As Daron Acemoglu of the Massachusetts Institute of Technology observes, a lot of automation delivers only a so-so boost to the bottom line. Think of automated customer service or touch screens at McDonald’s. Managers automate anyway for two reasons: It’s “progress” and everybody’s doing it, and the costs imposed on workers displaced by the new technologies are, to the firm, irrelevant. So even if the returns are vanishingly small, they are worth it.
Innovation, by some measures, is happening at a blistering pace. In 2020 the U.S. patent office issued more than 350,000 patents for inventions, almost six times as many as in 1980, at the dawn of the digital revolution. But total factor productivity in this period grew barely 0.7% per year, on average, less than a third of the growth rate from the 1940s through the 1970s.
While the techno-optimists in Cupertino and Mountain View tend to dismiss the dismal numbers as mismeasurement — data crunchers missing all the good stuff — many serious scholars are coming around to the idea that all the awesome IT will not necessarily bring about a productivity revolution.
Innovation is undeniably a cool thing. Because of it, we survive diseases that regularly used to kill us. We can access and process unimaginable amounts of information. Without new technologies we would never meet the challenge to decarbonize the economy and contain climate change.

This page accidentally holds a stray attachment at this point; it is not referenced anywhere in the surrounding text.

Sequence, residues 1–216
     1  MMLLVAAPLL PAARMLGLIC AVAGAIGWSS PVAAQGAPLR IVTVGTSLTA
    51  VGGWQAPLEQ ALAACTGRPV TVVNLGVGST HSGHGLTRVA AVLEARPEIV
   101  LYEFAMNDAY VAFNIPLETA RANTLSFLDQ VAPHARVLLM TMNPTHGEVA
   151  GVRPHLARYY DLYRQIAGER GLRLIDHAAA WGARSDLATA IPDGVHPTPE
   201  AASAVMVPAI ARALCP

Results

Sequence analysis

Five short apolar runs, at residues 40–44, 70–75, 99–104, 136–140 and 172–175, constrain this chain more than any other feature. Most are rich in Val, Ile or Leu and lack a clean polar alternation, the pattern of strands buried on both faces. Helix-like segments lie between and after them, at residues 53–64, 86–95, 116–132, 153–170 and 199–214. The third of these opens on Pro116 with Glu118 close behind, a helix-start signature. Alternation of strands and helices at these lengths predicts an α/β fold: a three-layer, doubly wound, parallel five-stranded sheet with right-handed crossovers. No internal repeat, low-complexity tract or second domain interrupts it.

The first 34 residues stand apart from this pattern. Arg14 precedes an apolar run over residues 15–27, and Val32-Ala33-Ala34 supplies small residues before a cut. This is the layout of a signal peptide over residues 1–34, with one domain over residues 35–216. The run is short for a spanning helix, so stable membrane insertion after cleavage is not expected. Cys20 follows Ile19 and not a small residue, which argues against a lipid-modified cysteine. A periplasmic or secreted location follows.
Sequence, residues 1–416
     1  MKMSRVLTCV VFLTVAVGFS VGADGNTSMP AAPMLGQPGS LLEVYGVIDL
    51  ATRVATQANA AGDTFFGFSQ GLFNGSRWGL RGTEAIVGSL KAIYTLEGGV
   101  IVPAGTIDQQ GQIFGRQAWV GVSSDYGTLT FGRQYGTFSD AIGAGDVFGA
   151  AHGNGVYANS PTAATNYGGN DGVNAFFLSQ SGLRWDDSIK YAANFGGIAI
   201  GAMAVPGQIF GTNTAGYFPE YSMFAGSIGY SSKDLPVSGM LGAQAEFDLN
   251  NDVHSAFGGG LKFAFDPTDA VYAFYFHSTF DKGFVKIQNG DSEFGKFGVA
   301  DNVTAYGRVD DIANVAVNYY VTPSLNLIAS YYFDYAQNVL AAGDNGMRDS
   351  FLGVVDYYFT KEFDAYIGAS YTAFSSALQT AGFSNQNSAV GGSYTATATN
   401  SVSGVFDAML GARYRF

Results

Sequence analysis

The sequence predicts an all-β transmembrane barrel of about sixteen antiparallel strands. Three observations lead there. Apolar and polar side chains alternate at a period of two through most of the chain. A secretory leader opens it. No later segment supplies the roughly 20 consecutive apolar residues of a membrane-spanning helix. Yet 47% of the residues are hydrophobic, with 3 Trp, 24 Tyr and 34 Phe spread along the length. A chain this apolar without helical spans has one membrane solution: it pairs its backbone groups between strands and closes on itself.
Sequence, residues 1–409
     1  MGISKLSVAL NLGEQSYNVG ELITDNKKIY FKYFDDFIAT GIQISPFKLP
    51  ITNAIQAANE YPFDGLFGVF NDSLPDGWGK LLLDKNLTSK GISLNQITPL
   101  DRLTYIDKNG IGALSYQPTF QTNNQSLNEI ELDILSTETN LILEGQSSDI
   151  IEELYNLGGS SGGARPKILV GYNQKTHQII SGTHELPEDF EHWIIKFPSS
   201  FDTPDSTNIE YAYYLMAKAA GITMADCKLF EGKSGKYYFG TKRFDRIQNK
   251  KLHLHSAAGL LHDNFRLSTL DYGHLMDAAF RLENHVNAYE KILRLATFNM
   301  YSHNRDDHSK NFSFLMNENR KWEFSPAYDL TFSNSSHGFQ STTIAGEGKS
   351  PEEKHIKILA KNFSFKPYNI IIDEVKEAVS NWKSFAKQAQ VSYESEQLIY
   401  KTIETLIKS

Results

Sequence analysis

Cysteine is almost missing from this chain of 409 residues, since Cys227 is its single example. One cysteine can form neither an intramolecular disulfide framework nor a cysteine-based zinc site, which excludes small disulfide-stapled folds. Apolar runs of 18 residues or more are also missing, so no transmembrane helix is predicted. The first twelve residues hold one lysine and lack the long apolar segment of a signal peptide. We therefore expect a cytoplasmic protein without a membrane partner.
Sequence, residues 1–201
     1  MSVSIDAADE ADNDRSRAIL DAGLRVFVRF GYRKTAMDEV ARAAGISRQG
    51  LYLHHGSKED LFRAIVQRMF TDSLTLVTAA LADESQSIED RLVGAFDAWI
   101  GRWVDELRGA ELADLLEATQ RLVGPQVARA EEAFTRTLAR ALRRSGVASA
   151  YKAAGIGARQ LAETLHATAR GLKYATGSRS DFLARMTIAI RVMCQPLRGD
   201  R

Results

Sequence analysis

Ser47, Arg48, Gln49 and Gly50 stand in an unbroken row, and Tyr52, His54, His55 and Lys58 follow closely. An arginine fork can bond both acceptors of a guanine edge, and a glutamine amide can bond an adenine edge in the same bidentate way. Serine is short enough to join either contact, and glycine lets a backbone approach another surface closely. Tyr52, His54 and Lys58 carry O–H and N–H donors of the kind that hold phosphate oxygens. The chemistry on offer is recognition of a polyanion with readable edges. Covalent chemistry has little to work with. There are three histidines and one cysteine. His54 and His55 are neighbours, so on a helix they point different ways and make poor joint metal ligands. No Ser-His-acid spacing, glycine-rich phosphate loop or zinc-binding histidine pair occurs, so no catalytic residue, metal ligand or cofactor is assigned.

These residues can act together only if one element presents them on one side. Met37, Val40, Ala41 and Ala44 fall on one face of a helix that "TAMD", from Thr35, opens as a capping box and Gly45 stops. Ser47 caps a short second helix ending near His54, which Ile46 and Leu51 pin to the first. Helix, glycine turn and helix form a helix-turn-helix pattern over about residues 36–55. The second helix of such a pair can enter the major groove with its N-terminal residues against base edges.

But as Acemoglu and his MIT colleague Simon Johnson point out in their forthcoming book, Power and Progress, due out in May, contemporary evidence and the long story of humanity’s technological development confirm “there is nothing automatic about new technologies bringing widespread prosperity. Whether they do or not is an economic, social, and political choice.”
Silicon Valley, they argue, should not feel entitled to make the call. With the venture capital industry chasing opportunities for AI to take over an increasing array of tasks and decisions — playing Go, practicing law, analyzing markets — Acemoglu and Johnson fear technological progress is driving society down a dark path.